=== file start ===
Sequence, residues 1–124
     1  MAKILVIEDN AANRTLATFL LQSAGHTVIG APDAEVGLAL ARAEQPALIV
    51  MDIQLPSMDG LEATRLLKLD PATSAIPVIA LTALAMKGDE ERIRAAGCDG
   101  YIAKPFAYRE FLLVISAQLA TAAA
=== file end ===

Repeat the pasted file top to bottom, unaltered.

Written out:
Sequence, residues 1–124
     1  MAKILVIEDN AANRTLATFL LQSAGHTVIG APDAEVGLAL ARAEQPALIV
    51  MDIQLPSMDG LEATRLLKLD PATSAIPVIA LTALAMKGDE ERIRAAGCDG
   101  YIAKPFAYRE FLLVISAQLA TAAA